It has been quite the year for the bond markets as they have more or less mirrored the volatile global economy through the fluctuations caused by the COVID-19 pandemic. As the economy continues to slowly recover from the March lows, investors can expect a slightly steepening yield curve but with tempered expectations for the long-term as Central Banks keep interest rates low in economies around the world. Specifically in the United States, the Federal Reserve has been aggressive in aiding the ailing economy and has announced an inflation target of average, rather than providing a specific price target. It can be expected that for now, inflation should stay lower in the near future as the economy continues to struggle through the global pandemic.
Emerging market bond markets
The EM bond markets have been in high demand as of late with a struggling U.S. dollar and an economic rebound in many parts of the world. Less restrictive monetary policies in other areas of the world should help in keeping these current prices and could help investors receive higher yields in the near future. The inherent uncertainty that accompanies EM bond markets will continue to test the risk adversity of investors, but currently, it is nice to see that the relative yield levels for these markets are back above the pre-COVID levels signalling that these EM bond markets have mostly recovered from their March lows.
Corporate bonds are another part of the bond market that has been volatile over the past few quarters and maybe an area where investors will want to look elsewhere if they are seeking higher yields in the short-term. Many corporations have seen a severe deterioration in profits during the pandemic and to counteract this, corporate bond issuance has skyrocketed. The risks for investors over the long-term may be affected by how companies are able to cope with the fallout from the COVID-19 pandemic. Of course, in the short-term fiscal and monetary policies should be able to soften the blows and help to prop up the corporate bond market, but long-term investors may wish to look elsewhere.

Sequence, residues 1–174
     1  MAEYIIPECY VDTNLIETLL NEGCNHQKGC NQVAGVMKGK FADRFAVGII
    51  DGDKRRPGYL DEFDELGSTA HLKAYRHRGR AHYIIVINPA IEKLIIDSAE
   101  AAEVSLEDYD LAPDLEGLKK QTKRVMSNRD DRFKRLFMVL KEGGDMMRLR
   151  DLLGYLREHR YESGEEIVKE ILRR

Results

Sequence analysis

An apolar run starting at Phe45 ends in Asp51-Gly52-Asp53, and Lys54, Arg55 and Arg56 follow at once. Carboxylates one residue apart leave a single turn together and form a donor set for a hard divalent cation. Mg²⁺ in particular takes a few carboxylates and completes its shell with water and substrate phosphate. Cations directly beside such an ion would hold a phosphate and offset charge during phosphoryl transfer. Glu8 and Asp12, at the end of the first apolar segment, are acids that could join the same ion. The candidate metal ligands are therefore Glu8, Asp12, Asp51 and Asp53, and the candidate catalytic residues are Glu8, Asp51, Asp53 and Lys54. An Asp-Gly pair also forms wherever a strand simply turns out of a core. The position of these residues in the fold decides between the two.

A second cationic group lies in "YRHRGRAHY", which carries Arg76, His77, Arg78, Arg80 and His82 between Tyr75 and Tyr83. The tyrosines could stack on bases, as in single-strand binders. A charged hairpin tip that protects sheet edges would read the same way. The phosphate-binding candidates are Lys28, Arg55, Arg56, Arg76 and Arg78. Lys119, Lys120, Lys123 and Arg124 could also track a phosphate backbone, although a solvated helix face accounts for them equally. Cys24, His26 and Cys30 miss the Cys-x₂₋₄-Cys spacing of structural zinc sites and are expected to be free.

Municipal bond markets and funds have been popular as well, exhibiting a nice in-flow over the past few months as investors seek stability during these uncertain times. Higher demand for these bond funds has created less variance in the yield spread which means that the market has exhibited less volatility. Another factor for municipal bonds that are not as evident in other forms of bonds is the increase in natural disasters that have been affecting countries all over the world. The frequency has been steadily rising over the past few decades and repeated damage to infrastructure in these municipalities can devastate a city both physically and financially. While historically natural disasters have not had too harsh of an effect on municipal bonds, if the frequency keeps increasing, there is the possibility that this could one day have an effect on the yield that investors see.
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